PACIFIC REPORTERS PLAY BALANCING ACT BETWEEN CULTURE AND STORIES

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By Michael Field

AUCKLAND, New Zealand (April 3, 2001 – Agence France-Presse)---Getting the story is just half the trouble for Pacific journalists, the other half is figuring how to deal with the issues that might cause cultural offence.

There was the case of the Fiji woman senator who made a newsworthy speech, which a newspaper picked up and ran along with a file picture of her.

The problem that caused the major row was that the file photo showed her in a colorful dress. On the day she made the speech she was in mourning, wearing black out of respect for a dead relative. The newspaper had made her seem disrespectful.

The example comes from "The Pacific Journalist," a book published by Fiji’s University of the South Pacific.

Its publication was delayed by last year’s Fiji coup, an event the book makes clear has not only impacted upon the nation and its people, but caused enormous debate within the journalism community over how to deal with culture and conflict in the Pacific.

Veteran Fiji journalist Jale Moala, who has been a resident in New Zealand since the coup, provides a chapter on politics, which he describes as the assignment that provides Pacific journalists with their greatest challenge.

"This is so because politics in the region is so often mixed up with issues like culture and tribal loyalties that it can become difficult for reporters to maintain impartiality and direction, especially if they are themselves part of the cultural group involved," he writes.

"This does not mean that political reporters in the Pacific Islands are biased and lacked objectivity."

"It simply means that politics in the region presents greater challenges for journalists of the region than for journalists from outside."

Moala says in the Pacific cultural rules are forced upon political reporters to try to keep them in line within customary obligations he terms a burden on indigenous peoples.

"For political reporters such obligations are obstacles. Under pressure they can succumb to the demands of traditional loyalties."

Last May, Moala was editor of the Fiji Daily Post, at the time businessman George Speight staged his coup in the name of an indigenous cause, overthrowing Fiji’s first ethnic Indian Prime Minister, Mahendra Chaudhry.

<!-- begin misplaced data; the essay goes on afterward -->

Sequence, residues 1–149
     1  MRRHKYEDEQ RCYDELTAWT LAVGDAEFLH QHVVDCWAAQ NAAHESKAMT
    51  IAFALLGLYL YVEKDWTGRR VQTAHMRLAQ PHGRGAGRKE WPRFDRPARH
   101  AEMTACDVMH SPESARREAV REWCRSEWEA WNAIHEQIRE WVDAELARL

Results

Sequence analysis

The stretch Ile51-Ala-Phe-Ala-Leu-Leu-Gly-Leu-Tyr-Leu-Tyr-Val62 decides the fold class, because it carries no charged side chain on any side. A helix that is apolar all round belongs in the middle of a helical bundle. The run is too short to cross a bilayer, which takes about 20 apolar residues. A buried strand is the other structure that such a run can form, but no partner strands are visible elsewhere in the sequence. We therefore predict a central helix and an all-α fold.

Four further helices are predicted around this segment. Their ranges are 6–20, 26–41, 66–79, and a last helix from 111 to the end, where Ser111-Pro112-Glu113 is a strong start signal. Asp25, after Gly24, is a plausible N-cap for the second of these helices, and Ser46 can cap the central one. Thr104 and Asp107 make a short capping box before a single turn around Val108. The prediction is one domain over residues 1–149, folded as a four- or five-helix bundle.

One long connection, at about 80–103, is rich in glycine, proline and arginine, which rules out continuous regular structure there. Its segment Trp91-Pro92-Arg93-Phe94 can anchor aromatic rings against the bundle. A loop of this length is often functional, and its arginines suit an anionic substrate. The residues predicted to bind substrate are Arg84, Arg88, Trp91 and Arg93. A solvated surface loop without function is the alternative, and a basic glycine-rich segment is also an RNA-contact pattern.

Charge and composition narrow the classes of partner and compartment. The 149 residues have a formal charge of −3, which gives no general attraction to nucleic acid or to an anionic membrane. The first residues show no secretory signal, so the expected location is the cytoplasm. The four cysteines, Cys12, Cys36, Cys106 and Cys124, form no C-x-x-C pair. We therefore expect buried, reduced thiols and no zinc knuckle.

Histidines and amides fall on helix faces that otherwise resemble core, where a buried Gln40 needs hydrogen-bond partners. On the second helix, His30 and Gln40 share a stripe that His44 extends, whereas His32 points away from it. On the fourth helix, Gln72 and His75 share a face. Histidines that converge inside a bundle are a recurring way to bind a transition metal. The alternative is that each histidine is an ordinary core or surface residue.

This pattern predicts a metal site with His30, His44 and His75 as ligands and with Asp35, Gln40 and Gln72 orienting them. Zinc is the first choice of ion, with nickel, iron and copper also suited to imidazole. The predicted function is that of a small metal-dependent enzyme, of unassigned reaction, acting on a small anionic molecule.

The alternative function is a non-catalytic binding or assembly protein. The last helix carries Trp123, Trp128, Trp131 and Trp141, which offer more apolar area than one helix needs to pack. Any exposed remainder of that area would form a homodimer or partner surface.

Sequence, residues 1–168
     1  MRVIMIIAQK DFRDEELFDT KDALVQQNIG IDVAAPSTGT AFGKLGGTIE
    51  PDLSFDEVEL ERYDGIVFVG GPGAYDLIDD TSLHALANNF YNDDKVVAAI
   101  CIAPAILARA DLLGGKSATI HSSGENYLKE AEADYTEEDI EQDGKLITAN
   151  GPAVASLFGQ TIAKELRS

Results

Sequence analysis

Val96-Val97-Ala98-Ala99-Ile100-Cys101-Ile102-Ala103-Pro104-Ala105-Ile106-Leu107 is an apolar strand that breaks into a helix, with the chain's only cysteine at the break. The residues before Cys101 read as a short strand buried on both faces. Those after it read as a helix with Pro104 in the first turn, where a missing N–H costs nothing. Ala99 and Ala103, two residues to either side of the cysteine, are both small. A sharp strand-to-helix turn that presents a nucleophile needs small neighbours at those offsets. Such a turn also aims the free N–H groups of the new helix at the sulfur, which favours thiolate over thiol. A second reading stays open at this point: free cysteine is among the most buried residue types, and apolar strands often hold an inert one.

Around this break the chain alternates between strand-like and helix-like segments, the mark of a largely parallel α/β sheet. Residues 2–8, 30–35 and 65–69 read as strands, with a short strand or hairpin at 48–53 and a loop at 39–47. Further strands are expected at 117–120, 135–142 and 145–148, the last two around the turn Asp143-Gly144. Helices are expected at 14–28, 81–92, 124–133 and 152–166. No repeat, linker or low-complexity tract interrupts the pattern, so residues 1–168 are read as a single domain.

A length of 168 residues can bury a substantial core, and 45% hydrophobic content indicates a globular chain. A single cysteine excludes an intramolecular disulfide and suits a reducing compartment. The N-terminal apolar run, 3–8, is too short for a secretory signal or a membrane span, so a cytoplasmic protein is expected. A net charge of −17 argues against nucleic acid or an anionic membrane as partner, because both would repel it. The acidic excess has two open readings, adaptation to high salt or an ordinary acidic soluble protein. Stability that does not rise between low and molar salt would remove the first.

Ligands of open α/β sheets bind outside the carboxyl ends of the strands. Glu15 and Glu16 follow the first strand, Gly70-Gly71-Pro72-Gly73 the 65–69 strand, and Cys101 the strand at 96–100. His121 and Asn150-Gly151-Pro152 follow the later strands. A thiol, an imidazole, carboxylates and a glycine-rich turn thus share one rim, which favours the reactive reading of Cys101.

Moala said for reporters it was not necessarily a problem of taking sides, but an inability to "function objectively under the pressures of the crisis."

He said reporters gave Speight the publicity he craved.

The Daily Post issued guidelines to staff, among them requiring that the word "coup" not be used.

"The newspaper believed that reporting Speight’s action as a coup would give it some justification in the minds of the indigenous Fijians."

The newspaper also declined to report Speight as a nationalist. "He was to be reported as Suva businessman George Speight, leader of the kidnappers or leaders of the terrorists," said Moala.

Academic and Fiji Times columnist Seona Smiles, quoted in the book, said that when foreign reporters are awkward they can be thrown out, but criticism is rarely spared in dealing with whistle-blowing local journalists.

"There are deep-rooted beliefs in South Pacific societies about respect for authority that can translate into a lack of accountability and transparency, coupled with a strongly disapproving attitude towards those who question, probe and publish. The Pacific is littered with instances of publishers and journalists being chastised and chased."

She wrote that it was a frightening prospect to consider "a predominately young, relatively inexperienced, sometimes politically naive and occasionally quite unjustifiably confident media corps" who was often having far-reaching effects on public opinion.

"It is perhaps self-evident that the media and the journalists who have the most respect in the region, who run the best stories, who get the scoops, are not the most conservative, but are certainly the most accurate, ethical and balanced," Smiles said.

"Virtue has its own reward... and people tend to trust them, even those who occasionally want to dissemble or conceal information."

Michael Field New Zealand/South Pacific Correspondent Agence France-Presse E-mail: afp.nz@clear.net.nz  Phone: (64 21) 688438 Fax: (64 21) 694035 Website: http://www.afp.com/english/ 

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